The Real Romney

Romney: A Skeptic, Not a Liar—David Frum

Mitt Romney is not a liar, but he is emotionally distant from the Republican base.

Justin Sullivan

In a column in Tuesday's Wall Street Journal, Bret Stephens lamented that the Republican Party deserved to lose the 2012 election. A special target of Stephens' wrath was Mitt Romney, whom Stephens dismissed as a hollow man without conviction.

I wrote this in reply:

I think it's probably true that Mitt Romney is concealing a private doubt, and it is this: Mitt Romney simply does not believe the things that must be said to be a competitive candidate for the Republican nomination. He has zero interest in being a Jon Huntsman-style martyr, so he dutifully repeats them, but he cannot bring himself to repeat them with the conviction that a Republican audience (and for that matter Stephens' higher-ups at the Journal itself) expect and demand.

This led Stephens' Journal colleague James Taranto to say in a Tweet:

@davidfrum thinks Romney is a liar and admires him for it.

Taranto has misconstrued what I was saying, so let me restate in a way that I hope is more precise:

Mitt Romney cares a great deal about speaking accurately and truthfully. He uses statistics carefully in his speeches and debates, unlike former leading rival Rick Perry.

He eschews the audacious somersaulting of reality we often hear from current rival Newt Gingrich, whose most spectacular moment in the recent Charleston debate turns out to have been based on a flat lie:

“Let me be quite clear. The story is false. Every personal friend I have who knew us in that period said the story was false. We offered several of them to ABC to prove it was false. They weren’t interested because they would like to attack any Republican.”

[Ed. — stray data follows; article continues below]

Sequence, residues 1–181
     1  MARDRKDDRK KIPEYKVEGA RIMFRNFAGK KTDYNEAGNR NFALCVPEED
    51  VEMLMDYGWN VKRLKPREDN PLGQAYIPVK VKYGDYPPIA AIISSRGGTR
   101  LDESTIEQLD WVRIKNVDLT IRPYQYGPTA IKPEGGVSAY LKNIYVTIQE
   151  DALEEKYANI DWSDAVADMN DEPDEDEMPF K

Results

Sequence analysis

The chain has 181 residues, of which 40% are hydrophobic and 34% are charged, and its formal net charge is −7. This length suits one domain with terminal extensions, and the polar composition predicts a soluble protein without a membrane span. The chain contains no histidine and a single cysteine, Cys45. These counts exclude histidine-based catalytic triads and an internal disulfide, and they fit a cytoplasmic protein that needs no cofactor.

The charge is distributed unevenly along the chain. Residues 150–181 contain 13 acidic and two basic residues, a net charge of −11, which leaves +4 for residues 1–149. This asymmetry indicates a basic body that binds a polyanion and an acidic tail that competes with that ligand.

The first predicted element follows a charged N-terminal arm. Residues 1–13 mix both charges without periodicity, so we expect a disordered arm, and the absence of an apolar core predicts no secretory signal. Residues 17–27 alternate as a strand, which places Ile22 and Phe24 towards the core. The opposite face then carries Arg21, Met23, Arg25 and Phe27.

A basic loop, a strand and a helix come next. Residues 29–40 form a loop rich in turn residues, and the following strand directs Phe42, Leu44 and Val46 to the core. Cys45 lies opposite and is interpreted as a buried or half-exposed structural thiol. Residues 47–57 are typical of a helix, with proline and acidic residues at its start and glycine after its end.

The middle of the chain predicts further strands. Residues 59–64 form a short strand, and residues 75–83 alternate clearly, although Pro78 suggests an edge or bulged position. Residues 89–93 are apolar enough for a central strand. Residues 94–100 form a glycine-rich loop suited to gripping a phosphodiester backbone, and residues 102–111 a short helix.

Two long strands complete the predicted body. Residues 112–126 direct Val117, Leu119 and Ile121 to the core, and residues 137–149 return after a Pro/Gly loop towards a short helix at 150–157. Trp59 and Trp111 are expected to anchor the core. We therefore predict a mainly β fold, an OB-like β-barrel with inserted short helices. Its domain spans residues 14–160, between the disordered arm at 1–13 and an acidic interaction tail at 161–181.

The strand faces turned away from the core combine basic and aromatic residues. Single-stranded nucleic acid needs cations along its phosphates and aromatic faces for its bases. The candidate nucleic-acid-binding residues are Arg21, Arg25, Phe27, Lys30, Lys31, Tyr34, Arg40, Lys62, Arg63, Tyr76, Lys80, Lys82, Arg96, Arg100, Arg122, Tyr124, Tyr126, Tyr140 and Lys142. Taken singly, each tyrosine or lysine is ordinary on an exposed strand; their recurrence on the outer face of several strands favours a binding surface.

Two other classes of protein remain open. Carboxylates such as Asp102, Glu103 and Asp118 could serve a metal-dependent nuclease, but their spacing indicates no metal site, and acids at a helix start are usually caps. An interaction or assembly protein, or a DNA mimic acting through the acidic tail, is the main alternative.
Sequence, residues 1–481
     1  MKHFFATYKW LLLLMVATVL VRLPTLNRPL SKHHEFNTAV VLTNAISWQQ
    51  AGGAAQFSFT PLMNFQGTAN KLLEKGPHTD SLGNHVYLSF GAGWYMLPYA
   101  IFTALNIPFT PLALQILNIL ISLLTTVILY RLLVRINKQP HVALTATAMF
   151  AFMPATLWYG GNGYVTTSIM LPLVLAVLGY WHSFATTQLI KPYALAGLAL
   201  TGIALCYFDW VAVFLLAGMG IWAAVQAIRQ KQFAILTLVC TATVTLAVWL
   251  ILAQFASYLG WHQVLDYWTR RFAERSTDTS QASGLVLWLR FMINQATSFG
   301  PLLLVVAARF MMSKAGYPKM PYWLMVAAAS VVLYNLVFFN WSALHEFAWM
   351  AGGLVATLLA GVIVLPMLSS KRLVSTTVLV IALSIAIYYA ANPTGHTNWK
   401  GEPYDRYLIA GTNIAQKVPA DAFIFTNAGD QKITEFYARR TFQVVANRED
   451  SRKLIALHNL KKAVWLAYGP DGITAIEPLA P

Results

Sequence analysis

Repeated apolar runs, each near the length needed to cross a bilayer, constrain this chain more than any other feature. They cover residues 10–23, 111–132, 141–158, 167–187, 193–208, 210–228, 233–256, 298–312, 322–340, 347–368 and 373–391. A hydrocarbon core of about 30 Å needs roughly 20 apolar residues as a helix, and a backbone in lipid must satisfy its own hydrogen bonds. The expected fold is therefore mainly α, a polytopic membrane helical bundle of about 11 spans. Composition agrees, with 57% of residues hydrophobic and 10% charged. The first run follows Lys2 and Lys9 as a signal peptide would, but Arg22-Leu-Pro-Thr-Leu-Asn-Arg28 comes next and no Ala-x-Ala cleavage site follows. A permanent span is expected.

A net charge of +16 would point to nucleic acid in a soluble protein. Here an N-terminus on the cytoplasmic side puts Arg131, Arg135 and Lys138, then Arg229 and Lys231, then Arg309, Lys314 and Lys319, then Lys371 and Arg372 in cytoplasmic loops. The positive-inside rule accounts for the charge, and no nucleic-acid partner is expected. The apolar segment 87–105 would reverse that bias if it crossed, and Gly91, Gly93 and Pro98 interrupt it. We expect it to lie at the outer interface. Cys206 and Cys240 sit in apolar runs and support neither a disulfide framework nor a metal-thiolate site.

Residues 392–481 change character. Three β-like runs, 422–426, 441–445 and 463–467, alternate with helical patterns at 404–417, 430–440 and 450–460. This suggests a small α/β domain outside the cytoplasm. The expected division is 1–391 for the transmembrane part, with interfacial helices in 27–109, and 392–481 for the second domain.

CNN's John King reported yesterday that there was no offer from the Gingrich camp of people who could disprove Marianne Gingrich's statement, only the offer of an appearance by Gingrich's two daughters by his first marriage.

Similarly, in the department of campaign promises, Romney has eschewed the fanciful and unachievable economic "plans" offered up by his rivals: a 20% flat tax! No, 15%! Vote for me, and I'll deliver 5% growth a year for the next 5 years! Make it over 10!

Romney's economic program has been derided as too long and too complex, but its elements could be implemented and its numbers are not pulled out of a hat. So long as we are in the world of facts and specifics, Romney has shown himself scrupulous not to overstate or misrepresent. Even where he has changed his mind, on abortion for example, you'll see no equivalent of the glaring disregard for the factual record of a Ron Paul, with his facially laughable claim to have had nothing to do with the racist newsletters published under his name, no knowledge of their authorship, and to have utterly abhorred their message even as he cashed the checks the newsletters yielded.

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But elections turn on more than facts, promises, and programs—especially this current campaign for the Republican nomination for president. More perhaps than most, this election turns on shared feelings. Many Republican primary voters have been sold a narrative or image of the Obama presidency in which a radical socialist alien president is seeking to wreck and overturn the American way of life and the free enterprise system. That narrative is nuts, but unless you signal that you share the nuttiness, your campaign goes the way of Jon Huntsman's.